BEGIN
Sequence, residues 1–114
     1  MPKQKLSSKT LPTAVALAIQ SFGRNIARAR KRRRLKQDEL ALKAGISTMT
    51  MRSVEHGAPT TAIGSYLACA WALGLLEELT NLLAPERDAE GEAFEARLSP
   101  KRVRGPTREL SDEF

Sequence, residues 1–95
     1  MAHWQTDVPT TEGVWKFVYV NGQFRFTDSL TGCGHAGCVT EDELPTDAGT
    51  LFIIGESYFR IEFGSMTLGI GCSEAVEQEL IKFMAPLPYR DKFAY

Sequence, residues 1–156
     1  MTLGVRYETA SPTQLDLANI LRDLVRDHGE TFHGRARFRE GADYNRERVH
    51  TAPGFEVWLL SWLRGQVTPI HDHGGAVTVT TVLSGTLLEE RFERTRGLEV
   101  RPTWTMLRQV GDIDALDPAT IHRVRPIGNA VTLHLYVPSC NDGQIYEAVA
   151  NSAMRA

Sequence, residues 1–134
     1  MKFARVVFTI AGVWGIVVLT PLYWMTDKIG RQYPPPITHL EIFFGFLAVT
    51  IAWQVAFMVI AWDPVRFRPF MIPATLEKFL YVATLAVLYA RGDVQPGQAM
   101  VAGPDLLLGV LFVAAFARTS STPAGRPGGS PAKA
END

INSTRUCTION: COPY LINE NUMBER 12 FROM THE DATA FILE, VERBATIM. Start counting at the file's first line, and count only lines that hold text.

   151  NSAMRA